Sunday, February 26, 2017

Simple OpenBSD File Server

These days, when people think of a file server, they assume that it must support Windows CIFS (a.k.a. SMB or Samba).  A few grizzled sysadmins know that NFS would be much, much simpler to set up and almost nobody would consider using FTP.

Well, that is too bad, since for many situations, anonymous FTP is best and it works purrfectly on my little OpenBSD netbook.

FTP is a very simple protocol, it only talks when it has to and is completely quiet otherwise.  It has none of the chattyness and incessant 'CACA' packets of CIFS.  It is extremely easy to set up and has native support in all operating systems.  Even Windows can do anonymous FTP transparently and can map a FTP server to a drive letter, thus enabling any program to connect to the server directly.

Some will speak up and say that FTP is insecure.  Well, yes, but so is NFS and CIFS.  The difference is that FTP doesn't even pretend to be secure.   BTW, don't use FTP with password authentication - the passwords are sent in the clear making it quite useless.

The Samba manual is about 2 inches thick, while the configuration file for a FTP server is only about a dozen lines.  Need I say more?

When you have a home or office with ten or twenty users, who just need a centralized place to store data that can be regularly backed up and you don't want to waste any time managing it, then an anonymous FTP server could be ideal, since you don't have to waste any time with accounts, passwords and access controls.

Set it and forget it - KISS.

Configuration Frustrations

I installed vsftpd using pkg_add:
# pkg_add vsftpd

Simple as that.

In Linux, the package manager is different for each distribution, otherwise, it is the same idea.

Example Configuration File:
$ cat /etc/vsftpd.conf
ftpd_banner=VsFTPd. Cool, eh?

The problem with setting up a FTP server is that the configuration for the server also depends on the local file system access restrictions.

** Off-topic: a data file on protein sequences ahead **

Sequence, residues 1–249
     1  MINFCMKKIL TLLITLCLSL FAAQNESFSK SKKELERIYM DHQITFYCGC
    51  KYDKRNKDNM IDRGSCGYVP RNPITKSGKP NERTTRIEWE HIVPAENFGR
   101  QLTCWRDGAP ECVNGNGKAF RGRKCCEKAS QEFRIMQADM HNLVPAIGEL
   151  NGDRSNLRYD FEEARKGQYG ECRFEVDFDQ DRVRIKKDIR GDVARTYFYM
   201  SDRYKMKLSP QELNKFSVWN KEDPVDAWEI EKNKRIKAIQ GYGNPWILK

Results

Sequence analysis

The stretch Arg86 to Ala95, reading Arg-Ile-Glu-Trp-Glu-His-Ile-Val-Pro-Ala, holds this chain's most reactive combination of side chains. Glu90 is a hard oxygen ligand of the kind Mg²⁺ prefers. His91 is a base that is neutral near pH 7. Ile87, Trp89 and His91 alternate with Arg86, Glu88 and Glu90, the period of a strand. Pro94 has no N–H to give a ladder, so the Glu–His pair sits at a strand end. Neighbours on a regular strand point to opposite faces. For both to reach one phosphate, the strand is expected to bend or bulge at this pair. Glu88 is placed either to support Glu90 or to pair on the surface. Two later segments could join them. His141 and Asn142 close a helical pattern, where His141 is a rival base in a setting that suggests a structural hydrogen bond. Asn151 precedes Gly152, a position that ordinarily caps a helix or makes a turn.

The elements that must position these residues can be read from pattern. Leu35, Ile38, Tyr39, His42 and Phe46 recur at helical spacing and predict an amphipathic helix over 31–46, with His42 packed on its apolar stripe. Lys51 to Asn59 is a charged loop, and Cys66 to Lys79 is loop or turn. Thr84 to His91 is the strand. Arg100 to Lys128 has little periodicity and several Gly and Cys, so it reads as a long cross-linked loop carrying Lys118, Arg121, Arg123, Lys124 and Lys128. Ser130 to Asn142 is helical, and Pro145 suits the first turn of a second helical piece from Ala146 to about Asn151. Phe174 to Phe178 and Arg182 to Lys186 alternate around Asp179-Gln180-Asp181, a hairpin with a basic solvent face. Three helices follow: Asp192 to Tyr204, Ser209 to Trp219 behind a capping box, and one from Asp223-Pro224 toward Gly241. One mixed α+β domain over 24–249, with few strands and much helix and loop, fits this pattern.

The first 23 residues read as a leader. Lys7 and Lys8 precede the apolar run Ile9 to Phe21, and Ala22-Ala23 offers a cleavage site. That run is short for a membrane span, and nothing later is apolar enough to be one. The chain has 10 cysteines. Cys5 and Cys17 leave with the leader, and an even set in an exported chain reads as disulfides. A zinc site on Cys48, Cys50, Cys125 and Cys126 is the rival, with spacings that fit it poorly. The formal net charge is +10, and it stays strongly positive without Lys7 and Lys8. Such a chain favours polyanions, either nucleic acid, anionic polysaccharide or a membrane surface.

In an attempt to frustrate a hacker I run the server as an unprivileged user _ftp and make the directory tree owned by a different unprivileged user called ftp.  Ensure that these two users do not have a login shell.  Use /usr/sbin/false instead of bash or ksh.  You can run the script adduser to make these accounts if required.

The chown_upload_mode=0664 is a relatively new parameter. All the other older guides on the web don't show this option and this is the main reason why I wrote this guide.

When you specify:

Then this does nothing, so I set it to 0000 as a reminder:

and you instead need:

That took me a long while to figure out.


Directories and Permissions

I made a tree /ftp/pub/data like this:
# mkdir -p /ftp/ftp  
# mkdir -p /ftp/pub/data
# chown root:ftp /ftp/pub/data
# chmod 1777 /ftp/pub/data

That makes the data directory owned by root:ftp and sticky so that new files will inherit that ownership.

Test, Test, Test

Run the server in one console and log in from another console and transfer little test files.  Then log in from another computer and repeat. 
# vsftpd

$ touch test1
$ touch test2
$ ftp localhost
Login: anonymous
Password: [Enter]
ftp> put test1
ftp> get test1

On BSD, see what is going on with tail - same idea, but a different log system on Linux though:
$ tail -f /var/log/vsftpd.log

It may take a while to work out the fat finger kinks.

Windows Mapping

Use the easy connect wizard in the Windows file browser (File, Map Network Drive, Map as Drive, Connect to a website..., Next, Choose...) to connect to the server using a URL like which will create a shortcut in the left pane which then works like any other network file share.

After installing a 128GB SD card for storage, I now have a little WiFi connected 'NAS' which is normally sleeping peacefully and when I need it, all I need to do is flip open its lid and wait about 5 seconds for it to wake up.

For questions, go to

La voila!


No comments:

Post a Comment

On topic comments are welcome. Junk will be deleted.